OREM — The Crucible, as penned by Arthur Miller in 1953, is given apt resonance in UVU’s most recent production of this American work. Directed by D. Terry Petrie, I found myself drawn-in and compelled by the production, the various technical aspects working in harmony with the acting and script to provide a chilling and thought provoking evening of theater.
Predicated on the events of the Salem witch trials some 300 years previous, The Crucible tells the story of a community gripped by fear and uncertainty. When Abigail Williams is rejected by her former lover John Proctor, the same man that seemingly stripped her childish innocence from her, hurt turns to vengeance as she accuses his wife, Elizabeth Proctor, of practicing witchcraft. The community already is in upheaval, and mob mentality forms at an alarming rate as accusations of witchcraft are flung left and right, all in the name of religious fervor. Brought through a fire of trials and persecutions, each member of the community is made to question themselves as the threat of accusation looms ever closer.
Laud is to be given to the cast of this show, who brought a wonderful sense of community to the stage. With frantic moments that often required everyone on stage, I found myself intrigued by the depth of relationships. These relationships were often explored in little side-moments on stage. In general, actors were easily heard and the heightened language of the lines was easily understood, though diction could be given greater emphasis. Patrick Kintz controlled the stage easily, his presence demanding focus, and I found his portrayal of John Proctor visceral and gripping. The arc of his character was clear, and I couldn’t help but to be moved by the emotional nuances of his character. His tenser, physical dynamic with Abigail (Bethany Woodruff) made for a gripping compulsion. And though Woodruff brought a real sensuality and power to her role, I would have loved to see more moments of Abigail’s vulnerability. Nevertheless, I was entranced by the character of Abigail and thought Woodruff more than brought justice to this renowned role. Equally as gripping was Brooke Hess Grant’s unusual portrayal of Elizabeth Proctor as a stronger, more confident helpmeet to John Proctor. The dynamics presented in her character were quite compelling, and I loved the chemistry she shared on stage with her husband. Further mention should be given to Erika Ovuoba for her portrayal of Tituba, bringing both a strong energy and presence to the stage, as well as Michael Coppieters for a daunting, intimidating presence as Deputy Governor Danforth.
I found the technical elements of this piece to be uplifting to the overall story, and did not detract from the viewing experience. Lighting design (Michael Gray) created a sense of the foreboding. The colors warmed and cooled with the story, and almost uncomfortably stark at times in more tense scenes. Sound (Kevin Criman) helped to create the aura of a grove of trees, though those moments underscored by music were definitely given more shape and urgency than others. Costuming (Heather Michelle Ole) and makeup (Ann Thomas) were subtle enough not to pull away focus, and helped to uplift the characters and show change as the story progressed. The use of the scrim was, I thought, well done, which turned the theater space into a grove of trees. On the other hand, I found the placement of the action within the grove of trees an interesting choice by the director, and one that I grew to appreciate as the symbolism of the choice manifested itself. The scene transitions were fluid, and I liked the juxtaposition of the reverence of the grove with the irreverence of all the accusations flying about and all the lies being cast. But for the most part, the intimacy of the space was preserved.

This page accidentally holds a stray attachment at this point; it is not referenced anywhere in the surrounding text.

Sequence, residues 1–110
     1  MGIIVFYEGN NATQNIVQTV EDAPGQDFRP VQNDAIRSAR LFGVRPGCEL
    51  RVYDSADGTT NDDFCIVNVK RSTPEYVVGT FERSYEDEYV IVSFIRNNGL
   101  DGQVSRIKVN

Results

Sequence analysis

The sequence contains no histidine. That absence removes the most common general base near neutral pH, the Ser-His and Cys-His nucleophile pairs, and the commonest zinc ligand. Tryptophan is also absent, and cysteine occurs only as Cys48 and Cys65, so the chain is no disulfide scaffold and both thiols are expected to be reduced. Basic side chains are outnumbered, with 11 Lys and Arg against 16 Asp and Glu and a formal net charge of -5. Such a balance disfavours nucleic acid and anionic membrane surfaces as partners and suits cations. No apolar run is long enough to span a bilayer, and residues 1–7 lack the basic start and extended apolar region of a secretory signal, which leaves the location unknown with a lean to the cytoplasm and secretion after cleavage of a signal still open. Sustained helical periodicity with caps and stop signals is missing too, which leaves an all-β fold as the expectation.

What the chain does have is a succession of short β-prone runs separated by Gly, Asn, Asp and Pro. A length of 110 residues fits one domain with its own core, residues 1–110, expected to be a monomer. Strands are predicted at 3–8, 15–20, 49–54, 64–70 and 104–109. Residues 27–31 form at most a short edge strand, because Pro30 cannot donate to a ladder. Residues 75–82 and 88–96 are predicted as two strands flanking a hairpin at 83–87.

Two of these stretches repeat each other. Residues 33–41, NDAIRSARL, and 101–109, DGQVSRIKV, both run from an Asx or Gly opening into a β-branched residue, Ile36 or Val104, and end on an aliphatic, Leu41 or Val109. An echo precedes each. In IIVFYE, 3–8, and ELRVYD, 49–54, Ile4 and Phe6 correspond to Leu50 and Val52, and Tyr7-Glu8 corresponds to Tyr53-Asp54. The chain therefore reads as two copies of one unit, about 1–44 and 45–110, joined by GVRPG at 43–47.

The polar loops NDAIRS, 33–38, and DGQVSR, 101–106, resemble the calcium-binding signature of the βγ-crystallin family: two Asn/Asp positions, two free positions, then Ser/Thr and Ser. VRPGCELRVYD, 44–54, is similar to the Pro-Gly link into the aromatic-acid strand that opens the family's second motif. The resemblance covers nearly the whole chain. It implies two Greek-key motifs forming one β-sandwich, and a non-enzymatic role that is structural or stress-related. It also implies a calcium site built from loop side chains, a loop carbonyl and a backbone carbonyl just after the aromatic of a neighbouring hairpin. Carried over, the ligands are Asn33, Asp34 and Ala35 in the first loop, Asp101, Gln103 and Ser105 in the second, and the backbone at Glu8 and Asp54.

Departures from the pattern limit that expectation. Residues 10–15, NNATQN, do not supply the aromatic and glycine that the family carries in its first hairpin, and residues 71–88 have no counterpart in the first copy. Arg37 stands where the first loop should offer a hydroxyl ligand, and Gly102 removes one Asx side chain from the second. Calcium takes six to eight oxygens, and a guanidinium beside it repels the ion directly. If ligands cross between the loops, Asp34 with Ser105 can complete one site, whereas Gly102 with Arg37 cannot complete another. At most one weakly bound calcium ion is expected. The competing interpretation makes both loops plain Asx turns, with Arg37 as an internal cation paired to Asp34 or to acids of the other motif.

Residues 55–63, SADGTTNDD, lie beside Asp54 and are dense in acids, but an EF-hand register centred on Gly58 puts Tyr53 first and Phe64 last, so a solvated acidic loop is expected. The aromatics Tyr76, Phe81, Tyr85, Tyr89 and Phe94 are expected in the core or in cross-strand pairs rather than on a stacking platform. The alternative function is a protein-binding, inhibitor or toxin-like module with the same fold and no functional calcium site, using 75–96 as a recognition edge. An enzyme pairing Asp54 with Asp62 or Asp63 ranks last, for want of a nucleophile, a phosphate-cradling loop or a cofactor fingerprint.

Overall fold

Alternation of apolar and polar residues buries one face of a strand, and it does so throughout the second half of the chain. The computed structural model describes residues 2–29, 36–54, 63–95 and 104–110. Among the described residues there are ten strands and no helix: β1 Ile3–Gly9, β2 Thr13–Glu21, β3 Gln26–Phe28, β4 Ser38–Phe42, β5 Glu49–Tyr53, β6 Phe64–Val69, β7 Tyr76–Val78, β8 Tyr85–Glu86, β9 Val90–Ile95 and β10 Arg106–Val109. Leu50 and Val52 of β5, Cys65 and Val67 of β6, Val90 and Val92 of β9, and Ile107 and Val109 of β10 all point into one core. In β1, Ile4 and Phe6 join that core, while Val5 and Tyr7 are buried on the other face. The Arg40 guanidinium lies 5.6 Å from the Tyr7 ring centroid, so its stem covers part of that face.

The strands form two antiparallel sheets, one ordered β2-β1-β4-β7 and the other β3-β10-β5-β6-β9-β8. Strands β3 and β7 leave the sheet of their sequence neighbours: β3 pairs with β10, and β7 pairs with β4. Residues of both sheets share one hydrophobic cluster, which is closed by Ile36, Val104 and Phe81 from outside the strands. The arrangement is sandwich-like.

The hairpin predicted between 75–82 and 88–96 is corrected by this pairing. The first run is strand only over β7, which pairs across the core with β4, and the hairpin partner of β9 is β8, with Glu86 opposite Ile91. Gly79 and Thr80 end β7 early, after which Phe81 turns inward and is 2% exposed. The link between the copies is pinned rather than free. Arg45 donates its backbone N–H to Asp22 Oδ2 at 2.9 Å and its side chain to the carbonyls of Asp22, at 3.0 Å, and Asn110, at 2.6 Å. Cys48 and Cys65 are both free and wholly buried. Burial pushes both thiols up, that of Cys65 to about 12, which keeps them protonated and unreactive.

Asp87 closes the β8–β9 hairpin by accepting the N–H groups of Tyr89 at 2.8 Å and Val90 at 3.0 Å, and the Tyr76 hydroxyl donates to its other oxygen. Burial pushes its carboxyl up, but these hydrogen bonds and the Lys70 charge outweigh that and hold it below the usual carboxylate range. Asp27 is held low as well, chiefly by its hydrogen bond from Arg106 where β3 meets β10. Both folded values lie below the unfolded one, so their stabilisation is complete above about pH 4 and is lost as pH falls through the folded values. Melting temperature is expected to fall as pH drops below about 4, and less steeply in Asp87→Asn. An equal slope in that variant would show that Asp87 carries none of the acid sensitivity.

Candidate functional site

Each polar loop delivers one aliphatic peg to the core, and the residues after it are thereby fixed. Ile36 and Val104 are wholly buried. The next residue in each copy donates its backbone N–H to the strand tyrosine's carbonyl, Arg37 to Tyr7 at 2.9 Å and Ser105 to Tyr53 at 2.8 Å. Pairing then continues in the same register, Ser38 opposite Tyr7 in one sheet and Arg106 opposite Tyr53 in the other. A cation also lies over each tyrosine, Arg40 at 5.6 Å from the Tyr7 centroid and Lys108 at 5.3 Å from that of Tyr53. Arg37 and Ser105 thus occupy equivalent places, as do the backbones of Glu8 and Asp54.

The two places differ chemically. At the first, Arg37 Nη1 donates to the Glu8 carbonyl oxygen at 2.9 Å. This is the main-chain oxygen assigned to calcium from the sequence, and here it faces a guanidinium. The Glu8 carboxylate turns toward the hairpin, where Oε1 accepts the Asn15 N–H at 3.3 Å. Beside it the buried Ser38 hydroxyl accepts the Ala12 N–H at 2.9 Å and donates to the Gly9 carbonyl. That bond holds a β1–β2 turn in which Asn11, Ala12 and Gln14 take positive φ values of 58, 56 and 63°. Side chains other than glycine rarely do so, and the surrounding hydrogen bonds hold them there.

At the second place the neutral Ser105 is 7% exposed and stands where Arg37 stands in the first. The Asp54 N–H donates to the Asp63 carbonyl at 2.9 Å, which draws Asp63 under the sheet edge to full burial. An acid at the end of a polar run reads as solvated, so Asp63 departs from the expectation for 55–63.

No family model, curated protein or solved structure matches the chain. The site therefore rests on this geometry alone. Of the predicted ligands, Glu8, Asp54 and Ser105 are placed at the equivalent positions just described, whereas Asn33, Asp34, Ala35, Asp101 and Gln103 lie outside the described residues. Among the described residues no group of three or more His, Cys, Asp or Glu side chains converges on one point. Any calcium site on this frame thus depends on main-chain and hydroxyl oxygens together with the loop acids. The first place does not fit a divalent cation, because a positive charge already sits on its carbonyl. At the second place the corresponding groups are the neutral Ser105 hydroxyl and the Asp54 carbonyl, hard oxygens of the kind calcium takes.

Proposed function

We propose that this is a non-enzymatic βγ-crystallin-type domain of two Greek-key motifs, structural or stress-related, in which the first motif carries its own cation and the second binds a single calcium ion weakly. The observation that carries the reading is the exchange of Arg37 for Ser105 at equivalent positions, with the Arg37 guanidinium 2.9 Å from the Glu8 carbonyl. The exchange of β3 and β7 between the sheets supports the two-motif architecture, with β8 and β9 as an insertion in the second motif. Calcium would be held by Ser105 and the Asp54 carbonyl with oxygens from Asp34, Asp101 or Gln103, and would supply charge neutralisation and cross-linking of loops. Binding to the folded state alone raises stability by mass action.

However, there were moments when the blocking felt clumpy, or moments when it was particularly hard to see. It was frustrating to have to peer around actors to try to discern the action on stage. The first half of the play read a little unclear at parts and dragged every now and then, and some of the pacing feeling a little uneven. But by the second half the action was tighter and the story very clear. I was entirely impressed with John Proctor’s “Leave me my name” speech because it had the climatic emotions and necessary sense of urgency. I found it an emotionally compelling play, some clever little bit of blocking and lighting right at the end giving me chills.
My greatest reservation in Petrie’s production of this classic play comes from the introduction of a narrative-type character—the Spirit Guide (Monica Santos). For someone unfamiliar with the script, this character may help to delineate the story more and give clarity. I, however, was confused by what the role meant exactly. Some of the blocking and insertion into the scene made me to believe she was wholly responsible for the witchcraft, and I was not entirely sure what her role in the events, as she was the sole Native American character. It was certainly a bold move on the part of the director, though I find it didn’t necessarily resonate for me.
All the same, I quite liked this production of The Crucible. The show has long since been a personal favorite of mine, and seeing UVU’s production only reaffirmed my enthusiasm for the piece. Though written during an era of McCarthyism, the themes and issues presented easily resonate with a modern day audience and leave many interesting questions in my mind. In a time of many questions and doubts, The Crucible seemed an appropriate choice that reflected the potential hysteria of a modern day social and political climate. UVU’s production shows that the pertinence of Arthur Miller’s piece remains. I would recommend it to anyone seeking a thought-provoking, poignant evening of theater.